United States: Little Noticed POM Wonderful Decision Could Result In New Mislabeling Lawsuits

Last Updated: July 28 2014
Article by John R. Gotaskie, Jr.

The Supreme Court again this summer was the focus of immense media and public scrutiny. Much of that scrutiny revolved around the High Court's decision in the Hobby Lobby case, where the Court concluded that some closely-held corporations have religious freedom rights pursuant to the First Amendment to the Constitution. While arguably novel and announced by a divided Court, the Hobby Lobby decision was not completely unexpected, as it flows pretty generally and directly from the Court's decision in Citizens United.

While the Hobby Lobby decision has the potential to impact the franchise industry, I believe that the considerably less talked about–and unanimous (8-0, with Justice Breyer not participating in the consideration or decision)–decision in POM Wonderful LLC v. Coca-Cola Company likely has far greater potential to impact the franchise industry in the long term.

POM Wonderful produces, markets, and sells a pomegranate-blueberry juice blend. Coca-Cola makes and sells a competing juice blend under its Minute Maid brand consisting of 99.4% apple and grape juices, 0.3% pomegranate juice, 0.2% blueberry juice, and 0.1% raspberry juice.  The Court itself stated "[d]espite the minuscule amount of pomegranate and blueberry juices in the blend, the product is prominently labeled "pomegranate blueberry" juice in all capital letters.  While the Minute Main label discloses that its juice is a "flavored blend of 5 juices" and "from concentrate with other flavors", those words appeared in much smaller type. Furthermore, the Court also noted that the Minute Maid label displays a vignette of blueberries, grapes, and raspberries in front of a halved pomegranate and halved apple.

POM sued Coca-Cola under the Lanham Act, claiming that the Minute Main label tricked and deceived consumers. While better known for its trademark provisions, the Lanham Act permits companies to bring suit when their sales or business reputation is injured by the false advertising or marketing of a competitor. Specifically, POM's suit claimed that the name, label, marketing and advertising used by Minute Maid misled consumers into believing the product consists primarily of more expensive pomegranate and blueberry juices when it really consists primarily of less expensive apple and grape juices. The consumer confusion that resulted caused POM, it alleged, to lose sales.

Coca-Cola, for its part, defended the POM lawsuit by pointing to the Federal Food, Drug and Cosmetic Act (FDCA). The FDCA authorized a statutory scheme designed primarily to protect that health and safety of the public at large, and the Act prohibits the misbranding of food or drink. Misbranding includes labeling that is false and misleading, if required information is not prominently displayed, and/or the label does not disclose the common or usual name of the foodstuff inside the packaging. Of particular importance here is that the Food and Drug Administration (FDA) had issued regulations regarding the labeling of juice blends, but that the Government–unlike the situation with prescription drug labels, for example–does not preapprove juice labels.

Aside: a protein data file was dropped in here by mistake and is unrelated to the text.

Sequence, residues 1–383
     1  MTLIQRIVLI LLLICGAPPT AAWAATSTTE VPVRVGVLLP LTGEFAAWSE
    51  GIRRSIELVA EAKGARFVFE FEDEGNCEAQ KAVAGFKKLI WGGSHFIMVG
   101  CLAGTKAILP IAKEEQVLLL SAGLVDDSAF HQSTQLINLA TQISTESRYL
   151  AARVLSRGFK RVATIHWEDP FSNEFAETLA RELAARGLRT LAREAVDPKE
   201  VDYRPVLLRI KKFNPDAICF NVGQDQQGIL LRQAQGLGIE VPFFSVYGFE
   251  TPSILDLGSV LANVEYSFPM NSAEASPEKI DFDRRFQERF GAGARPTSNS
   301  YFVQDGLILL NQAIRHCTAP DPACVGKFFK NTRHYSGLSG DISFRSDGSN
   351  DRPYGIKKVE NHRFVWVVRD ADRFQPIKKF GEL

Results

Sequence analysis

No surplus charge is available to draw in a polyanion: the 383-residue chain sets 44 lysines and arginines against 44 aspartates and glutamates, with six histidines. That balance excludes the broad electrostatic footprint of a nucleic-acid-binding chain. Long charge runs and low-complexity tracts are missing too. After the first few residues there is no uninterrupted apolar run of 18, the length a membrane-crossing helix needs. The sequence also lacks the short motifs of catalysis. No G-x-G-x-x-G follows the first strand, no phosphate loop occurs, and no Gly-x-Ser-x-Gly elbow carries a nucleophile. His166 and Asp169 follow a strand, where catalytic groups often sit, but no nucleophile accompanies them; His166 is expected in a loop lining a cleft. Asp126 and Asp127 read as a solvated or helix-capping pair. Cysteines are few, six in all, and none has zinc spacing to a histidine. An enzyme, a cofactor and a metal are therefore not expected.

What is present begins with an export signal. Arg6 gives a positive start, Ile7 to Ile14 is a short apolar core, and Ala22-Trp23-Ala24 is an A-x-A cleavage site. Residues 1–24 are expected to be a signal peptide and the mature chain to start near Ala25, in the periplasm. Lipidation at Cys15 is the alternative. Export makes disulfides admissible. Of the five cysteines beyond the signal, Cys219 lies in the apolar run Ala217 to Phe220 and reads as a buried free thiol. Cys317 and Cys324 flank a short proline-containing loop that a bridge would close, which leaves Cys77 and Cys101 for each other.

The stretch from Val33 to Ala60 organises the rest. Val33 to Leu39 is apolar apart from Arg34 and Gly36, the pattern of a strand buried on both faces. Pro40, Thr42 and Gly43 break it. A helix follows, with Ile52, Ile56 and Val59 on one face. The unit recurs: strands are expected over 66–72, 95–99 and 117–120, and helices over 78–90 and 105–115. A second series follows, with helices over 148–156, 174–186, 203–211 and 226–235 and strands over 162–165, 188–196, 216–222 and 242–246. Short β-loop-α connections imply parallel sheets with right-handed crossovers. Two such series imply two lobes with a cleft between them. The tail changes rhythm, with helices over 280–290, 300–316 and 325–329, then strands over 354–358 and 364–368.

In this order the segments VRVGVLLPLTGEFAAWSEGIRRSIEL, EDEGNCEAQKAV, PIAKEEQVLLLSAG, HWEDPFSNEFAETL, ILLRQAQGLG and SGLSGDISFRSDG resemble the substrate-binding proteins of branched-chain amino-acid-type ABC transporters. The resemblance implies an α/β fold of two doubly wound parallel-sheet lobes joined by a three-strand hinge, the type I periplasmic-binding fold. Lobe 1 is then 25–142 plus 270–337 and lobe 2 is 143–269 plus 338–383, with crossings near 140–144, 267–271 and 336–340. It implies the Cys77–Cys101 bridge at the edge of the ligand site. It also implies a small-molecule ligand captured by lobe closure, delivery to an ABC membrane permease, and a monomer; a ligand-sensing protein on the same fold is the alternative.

The critical issue in the case was the intersection of the Lanham Act and the FDCA because the FDCA provides the Federal Government with near-exclusive enforcement authority; i.e., the FDCA does not authorize private suits. Both the trial court and the Ninth Circuit Court of Appeals agreed with Coca-Cola, finding that the comprehensive FDA regulatory scheme enacted pursuant to the FDCA barred POM's Lanham Act claim.  The Supreme Court disagreed. The Court placed great weight on the fact that a textual analysis of both statutes disclosed no Congressional intent to bar unfair competition claims of the type brought by POM. The textual analysis was bolstered by the fact that both laws had coexisted for over 70 years and, in that time, Congress had not chosen to preclude Lanham Act claims on food labeling when it had pre-empted state laws in the same area. Additionally, the Court noted that while the Lanham Act and FDCA complement each other in various ways, they are intended to address different issues. The Lanham Act protects commercial interests while the FDCA protects public health and safety. Moreover, the Court explained that competitors are likely to notice unfair practices in a more accurate and immediate fashion. At the same time, the Court believed the likelihood of inconsistent national results to be low.

It seems that this decision has the potential to open a Pandora's Box of labeling questions for any franchisor and its franchisees in the food and beverage industry. While the intent of the Court seems noble and genuine, food and drink purveyors will no longer be able to rely upon the carefully considered and developed federal regulations alone. They will also need to consider whether one of their competitors will conclude that their labeling, advertising or marketing is "misbranded" and sue. The bar for a successful lawsuit will admittedly remain high–companies, including POM Wonderful on remand, will still need to prove an injury such as lost sales to be successful. Nonetheless, new Lanham Act lawsuits based on alleged mislabeling and "misadvertising" of food and beverages are likely to proliferate. And, as anyone who has been involved in such suits can attest, they are costly to defend.

The content of this article is intended to provide a general guide to the subject matter. Specialist advice should be sought about your specific circumstances.

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